The Big Smoke: A History of Air Pollution in London Since Medieval Times by Peter Brimblecombe (Methuen: $39.95: 185 pages)
In recent years, acid rain has become a subject of wide public concern, but only the name is new. People have known about pollution in rainwater for nearly three centuries.
To many Angelenos, air pollution and its control sound like relatively recent problems due largely to automobiles and industrial polluters. In fact, while Los Angeles experiences a particularly modern form of air pollution--photochemical smog--dirty air and its effects on health have been known, brooded about and legislated against for hundreds of years.
In case you missed it, look again at the subtitle of today's book: "A History of Air Pollution in London Since Medieval Times." That is an accurate description of its contents. But this is not a dull, dry recitation on an arcane subject. It is a lively work of history that has much to say to contemporary cities with smog problems.
The British have had long experience with air pollution. (The word smog was coined in 1905 in London as a combination of smoke and fog, and the word has spread to include circumstances where neither smoke nor fog is involved, such as in Los Angeles.)
London has been troubled by smoke and fog since the 14th Century. Pollution became a real problem by the 17th Century, but it was 200 years later that laws were passed to try to reduce it. Even then, it was not until the Great Smog of 1952, when the air turned black for a week and deaths soared, that serious legislative efforts got under way. As usual, each generation has to learn anew what its predecessors had already learned.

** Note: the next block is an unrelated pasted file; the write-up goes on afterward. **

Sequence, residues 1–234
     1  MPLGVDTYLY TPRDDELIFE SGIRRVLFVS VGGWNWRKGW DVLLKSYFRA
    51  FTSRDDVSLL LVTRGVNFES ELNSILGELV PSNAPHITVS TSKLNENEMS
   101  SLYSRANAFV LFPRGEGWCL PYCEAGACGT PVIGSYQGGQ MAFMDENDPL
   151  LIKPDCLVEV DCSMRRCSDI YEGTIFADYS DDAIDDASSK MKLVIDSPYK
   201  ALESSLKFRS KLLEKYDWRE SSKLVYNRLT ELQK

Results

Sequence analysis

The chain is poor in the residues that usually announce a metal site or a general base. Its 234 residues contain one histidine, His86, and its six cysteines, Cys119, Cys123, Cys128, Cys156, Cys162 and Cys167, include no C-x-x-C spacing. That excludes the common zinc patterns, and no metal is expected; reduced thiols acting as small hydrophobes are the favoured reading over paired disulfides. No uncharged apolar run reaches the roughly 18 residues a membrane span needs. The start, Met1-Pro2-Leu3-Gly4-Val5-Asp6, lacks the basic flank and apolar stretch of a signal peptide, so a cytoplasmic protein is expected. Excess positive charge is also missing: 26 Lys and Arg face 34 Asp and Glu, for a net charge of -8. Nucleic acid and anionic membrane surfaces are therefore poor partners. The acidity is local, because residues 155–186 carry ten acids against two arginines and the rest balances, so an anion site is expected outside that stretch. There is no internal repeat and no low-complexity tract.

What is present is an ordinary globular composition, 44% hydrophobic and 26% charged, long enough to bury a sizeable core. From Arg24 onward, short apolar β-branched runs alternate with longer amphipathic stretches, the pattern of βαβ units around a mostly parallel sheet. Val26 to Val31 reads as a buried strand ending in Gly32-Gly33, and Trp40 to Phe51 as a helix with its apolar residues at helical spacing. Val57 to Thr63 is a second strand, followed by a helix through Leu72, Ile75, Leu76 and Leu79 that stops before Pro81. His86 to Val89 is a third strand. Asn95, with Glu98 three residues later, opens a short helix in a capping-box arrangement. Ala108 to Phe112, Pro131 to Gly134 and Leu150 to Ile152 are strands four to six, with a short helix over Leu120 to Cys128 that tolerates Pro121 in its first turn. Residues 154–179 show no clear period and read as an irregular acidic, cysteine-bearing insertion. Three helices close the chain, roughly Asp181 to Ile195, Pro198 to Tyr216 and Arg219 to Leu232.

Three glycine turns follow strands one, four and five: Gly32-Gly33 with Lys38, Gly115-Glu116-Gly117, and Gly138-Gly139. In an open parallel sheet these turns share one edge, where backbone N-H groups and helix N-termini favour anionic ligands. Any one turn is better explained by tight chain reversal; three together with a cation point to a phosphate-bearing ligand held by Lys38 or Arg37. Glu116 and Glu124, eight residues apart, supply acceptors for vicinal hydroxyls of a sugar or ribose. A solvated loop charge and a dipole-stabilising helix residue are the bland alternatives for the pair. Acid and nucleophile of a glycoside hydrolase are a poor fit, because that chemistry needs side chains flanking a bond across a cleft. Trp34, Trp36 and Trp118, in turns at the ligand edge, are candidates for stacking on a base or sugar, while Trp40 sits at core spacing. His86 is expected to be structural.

Then as now, polluters were none too quick to do right. They sought to evade the laws when they could. The 1891 act declared that "any chimney sending forth black smoke might be deemed a nuisance," and the Chelsea Borough Council sued the Underground Electric Railways of London because of the smoke from its power plant. The railways got out of it, however, because the smoke from their chimneys was not black. It was dark brown. This defect of the law was not repaired until well into the 20th Century.
Oddly, Brimblecombe writes, London's success in reducing smoke since 1952 has only partly solved the air-pollution problem. Less smoke means more sunlight, and more sunlight means more photochemical smog--ozone--of the Los Angeles variety. In one particularly bad photochemical episode in 1976, Brimblecombe says, "On some days a brownish hue could be observed close to the horizon." Sound familiar?
It's alarming to realize that even though people have known about the danger of air pollution for centuries, neither political nor technological fixes have made the problem go away. Brimblecombe's excellent book, which draws on a wide variety of sources in a novel approach to history, is a reminder of how recalcitrant serious problems are.